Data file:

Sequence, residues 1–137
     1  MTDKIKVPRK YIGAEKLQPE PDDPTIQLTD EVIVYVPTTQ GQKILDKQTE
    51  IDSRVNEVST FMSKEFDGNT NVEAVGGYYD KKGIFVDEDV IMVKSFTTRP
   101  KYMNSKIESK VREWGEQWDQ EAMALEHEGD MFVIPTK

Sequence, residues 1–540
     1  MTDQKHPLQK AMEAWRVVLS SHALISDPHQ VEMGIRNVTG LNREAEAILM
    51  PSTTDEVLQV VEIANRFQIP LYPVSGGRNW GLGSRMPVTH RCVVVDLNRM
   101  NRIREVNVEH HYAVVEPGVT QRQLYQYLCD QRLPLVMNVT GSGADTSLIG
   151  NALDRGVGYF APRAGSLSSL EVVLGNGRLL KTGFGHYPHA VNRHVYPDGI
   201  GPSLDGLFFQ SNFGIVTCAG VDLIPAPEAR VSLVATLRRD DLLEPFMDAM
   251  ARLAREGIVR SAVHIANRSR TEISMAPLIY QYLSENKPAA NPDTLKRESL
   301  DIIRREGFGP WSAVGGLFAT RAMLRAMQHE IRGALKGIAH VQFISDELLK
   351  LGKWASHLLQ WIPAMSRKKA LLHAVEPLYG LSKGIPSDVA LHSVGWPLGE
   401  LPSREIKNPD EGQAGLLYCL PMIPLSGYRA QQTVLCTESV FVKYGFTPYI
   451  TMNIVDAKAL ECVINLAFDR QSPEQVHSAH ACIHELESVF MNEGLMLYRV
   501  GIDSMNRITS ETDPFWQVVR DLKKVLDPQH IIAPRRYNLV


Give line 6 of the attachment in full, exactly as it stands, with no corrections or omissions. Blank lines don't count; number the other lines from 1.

     1  MTDQKHPLQK AMEAWRVVLS SHALISDPHQ VEMGIRNVTG LNREAEAILM